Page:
This week, groups of 2 have been going to the Quest bakery, just outside our home to bake the morning’s bread, with everyone’s favourite baker, Lucy. It is a talent we are yet to master, with Lucy often forming entire rows of rolls in the time it takes us to complete one individual roll, but hey, who’s counting? This has, however been of no detriment to the taste factor, exemplified by the inhalation of hot peanut butter rolls every break time.

The feeding centre is still running smoothly, although the ladies have stopped asking us to recite Heads, Shoulders, Knees and Toes to the children. We take no offence at this, admitting it’s probably a good idea for all members of the group to get the actions down pat before we scar a generation of Malawians. As the project continues, it is nice for the group to get to know the kid’s personalities much better, although we know we may have to restrain some from pulling a Madonna when we leave in 10 days.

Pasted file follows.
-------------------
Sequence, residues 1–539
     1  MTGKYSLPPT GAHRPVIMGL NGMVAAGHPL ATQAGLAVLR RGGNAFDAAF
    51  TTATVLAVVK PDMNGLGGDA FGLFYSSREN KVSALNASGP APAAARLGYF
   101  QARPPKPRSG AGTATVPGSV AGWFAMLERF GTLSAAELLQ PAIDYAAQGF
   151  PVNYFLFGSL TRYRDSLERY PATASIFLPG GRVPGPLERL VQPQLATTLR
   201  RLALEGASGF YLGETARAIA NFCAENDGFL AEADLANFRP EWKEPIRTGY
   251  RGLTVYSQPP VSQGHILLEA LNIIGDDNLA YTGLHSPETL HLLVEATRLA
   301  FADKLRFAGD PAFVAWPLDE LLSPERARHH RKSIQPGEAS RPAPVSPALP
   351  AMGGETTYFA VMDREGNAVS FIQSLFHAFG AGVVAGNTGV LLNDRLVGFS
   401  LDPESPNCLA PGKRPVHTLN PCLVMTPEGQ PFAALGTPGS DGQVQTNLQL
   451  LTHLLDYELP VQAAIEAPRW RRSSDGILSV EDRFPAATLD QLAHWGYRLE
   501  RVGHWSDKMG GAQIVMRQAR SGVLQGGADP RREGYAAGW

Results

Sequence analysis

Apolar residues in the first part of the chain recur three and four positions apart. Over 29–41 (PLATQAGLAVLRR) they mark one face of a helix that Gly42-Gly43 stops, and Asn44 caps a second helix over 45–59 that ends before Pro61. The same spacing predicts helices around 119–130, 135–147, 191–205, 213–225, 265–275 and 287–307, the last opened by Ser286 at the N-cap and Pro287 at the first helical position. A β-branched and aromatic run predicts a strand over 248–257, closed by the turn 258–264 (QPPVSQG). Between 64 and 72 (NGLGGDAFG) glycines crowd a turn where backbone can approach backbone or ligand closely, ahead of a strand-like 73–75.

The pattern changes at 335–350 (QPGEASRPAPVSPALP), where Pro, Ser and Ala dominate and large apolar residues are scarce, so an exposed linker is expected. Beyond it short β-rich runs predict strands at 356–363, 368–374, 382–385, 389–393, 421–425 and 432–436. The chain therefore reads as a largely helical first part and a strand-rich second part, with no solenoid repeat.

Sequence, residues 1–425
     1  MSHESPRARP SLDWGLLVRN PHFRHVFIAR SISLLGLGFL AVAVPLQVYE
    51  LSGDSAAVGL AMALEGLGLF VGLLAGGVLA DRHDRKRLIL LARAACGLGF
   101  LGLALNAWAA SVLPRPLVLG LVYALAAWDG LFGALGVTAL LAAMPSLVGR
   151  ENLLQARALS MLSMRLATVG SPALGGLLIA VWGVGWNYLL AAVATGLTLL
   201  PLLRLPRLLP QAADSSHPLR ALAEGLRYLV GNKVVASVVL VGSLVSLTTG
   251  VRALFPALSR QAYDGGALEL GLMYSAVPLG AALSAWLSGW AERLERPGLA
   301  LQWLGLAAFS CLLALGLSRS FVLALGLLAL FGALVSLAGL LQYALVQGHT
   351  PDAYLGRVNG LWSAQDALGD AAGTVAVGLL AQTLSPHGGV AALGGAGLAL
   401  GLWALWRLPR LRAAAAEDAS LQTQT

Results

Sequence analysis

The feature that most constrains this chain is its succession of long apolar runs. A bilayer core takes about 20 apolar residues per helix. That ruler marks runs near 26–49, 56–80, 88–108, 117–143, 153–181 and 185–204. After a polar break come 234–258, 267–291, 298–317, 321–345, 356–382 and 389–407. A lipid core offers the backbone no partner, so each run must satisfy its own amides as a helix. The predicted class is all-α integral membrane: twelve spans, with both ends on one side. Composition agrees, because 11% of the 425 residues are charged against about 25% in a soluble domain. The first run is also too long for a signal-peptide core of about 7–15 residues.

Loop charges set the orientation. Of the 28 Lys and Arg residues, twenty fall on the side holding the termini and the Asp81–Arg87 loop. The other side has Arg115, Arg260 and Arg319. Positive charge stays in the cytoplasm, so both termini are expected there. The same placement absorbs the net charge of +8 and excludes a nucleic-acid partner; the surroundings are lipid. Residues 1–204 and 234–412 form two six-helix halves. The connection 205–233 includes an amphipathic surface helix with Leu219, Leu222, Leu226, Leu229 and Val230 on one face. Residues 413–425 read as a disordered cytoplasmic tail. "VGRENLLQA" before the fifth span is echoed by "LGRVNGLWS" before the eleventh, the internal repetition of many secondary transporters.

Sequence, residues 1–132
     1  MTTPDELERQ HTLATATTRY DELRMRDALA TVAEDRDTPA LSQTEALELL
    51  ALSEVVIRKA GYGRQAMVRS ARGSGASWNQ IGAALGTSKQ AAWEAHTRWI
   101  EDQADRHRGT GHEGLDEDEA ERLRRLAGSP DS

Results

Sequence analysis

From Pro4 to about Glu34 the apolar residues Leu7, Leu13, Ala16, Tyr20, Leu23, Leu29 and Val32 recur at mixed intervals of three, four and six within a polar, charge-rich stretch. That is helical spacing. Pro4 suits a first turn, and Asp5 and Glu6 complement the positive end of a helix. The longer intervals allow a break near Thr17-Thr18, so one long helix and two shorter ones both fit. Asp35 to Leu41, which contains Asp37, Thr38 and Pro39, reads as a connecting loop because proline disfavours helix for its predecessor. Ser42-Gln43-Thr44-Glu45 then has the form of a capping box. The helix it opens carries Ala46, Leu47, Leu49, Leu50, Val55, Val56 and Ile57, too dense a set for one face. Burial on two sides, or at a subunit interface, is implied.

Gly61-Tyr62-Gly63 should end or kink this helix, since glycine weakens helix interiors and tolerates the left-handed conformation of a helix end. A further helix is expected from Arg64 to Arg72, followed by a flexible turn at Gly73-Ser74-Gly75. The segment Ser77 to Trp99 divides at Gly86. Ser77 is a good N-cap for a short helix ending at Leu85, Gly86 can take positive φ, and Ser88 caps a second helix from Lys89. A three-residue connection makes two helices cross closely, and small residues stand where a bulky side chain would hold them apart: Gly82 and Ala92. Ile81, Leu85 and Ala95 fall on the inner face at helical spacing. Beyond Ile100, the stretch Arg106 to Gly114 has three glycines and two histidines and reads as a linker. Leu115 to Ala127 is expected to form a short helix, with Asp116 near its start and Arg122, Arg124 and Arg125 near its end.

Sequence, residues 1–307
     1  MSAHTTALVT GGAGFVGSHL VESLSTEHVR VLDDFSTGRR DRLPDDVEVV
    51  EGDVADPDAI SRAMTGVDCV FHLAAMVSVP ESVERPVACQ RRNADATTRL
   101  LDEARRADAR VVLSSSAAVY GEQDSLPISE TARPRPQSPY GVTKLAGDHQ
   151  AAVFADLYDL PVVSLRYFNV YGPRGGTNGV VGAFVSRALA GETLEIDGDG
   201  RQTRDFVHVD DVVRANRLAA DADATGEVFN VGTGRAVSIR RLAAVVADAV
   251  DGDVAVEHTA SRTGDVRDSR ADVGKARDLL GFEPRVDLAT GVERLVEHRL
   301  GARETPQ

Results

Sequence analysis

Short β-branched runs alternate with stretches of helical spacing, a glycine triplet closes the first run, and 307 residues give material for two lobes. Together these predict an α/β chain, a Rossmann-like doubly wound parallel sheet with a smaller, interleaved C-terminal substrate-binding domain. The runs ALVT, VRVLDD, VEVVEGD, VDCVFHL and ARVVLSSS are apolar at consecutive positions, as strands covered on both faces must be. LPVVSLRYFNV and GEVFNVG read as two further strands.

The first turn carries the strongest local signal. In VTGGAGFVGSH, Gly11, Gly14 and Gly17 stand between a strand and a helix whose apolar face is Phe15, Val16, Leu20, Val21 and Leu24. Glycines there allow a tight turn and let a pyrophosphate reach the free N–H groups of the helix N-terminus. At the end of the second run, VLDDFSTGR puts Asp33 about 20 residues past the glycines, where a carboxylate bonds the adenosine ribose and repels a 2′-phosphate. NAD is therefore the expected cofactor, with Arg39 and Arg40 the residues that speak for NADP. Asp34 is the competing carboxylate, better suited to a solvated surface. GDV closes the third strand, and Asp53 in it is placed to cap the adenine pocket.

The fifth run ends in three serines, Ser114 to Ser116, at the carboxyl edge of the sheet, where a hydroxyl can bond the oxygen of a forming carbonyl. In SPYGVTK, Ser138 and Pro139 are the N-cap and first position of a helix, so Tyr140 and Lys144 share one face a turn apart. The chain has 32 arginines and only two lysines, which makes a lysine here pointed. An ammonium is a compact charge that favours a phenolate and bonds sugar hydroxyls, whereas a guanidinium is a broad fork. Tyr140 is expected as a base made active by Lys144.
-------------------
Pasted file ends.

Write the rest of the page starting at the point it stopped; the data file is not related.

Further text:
Regular readers of our blog may have picked up on the fact that we are a group that likes to eat, often implementing a no judgment rule at meal times. Saturday morning was of course, no exception. Taking a devil may care attitude as our arteries were permanently blocked; we tucked into Katherine’s Quesadillas of Joy- an intoxicating concoction of left over chapatti, marshmallow, peanut butter and chocolate.

There was unanimous agreement that Saturday’s breakfast was a potentially divine experience.
This week the group has also begun to coach the sports teams of rival schools to varying degrees of success. On the netball front, some have struggled to come to grips with the no running rule, but then again that’s hardly essential. On the football front, many of the local kids have been showing us up with their skills, but none of them can claim to have an international player in their ranks (thanks Sinead!).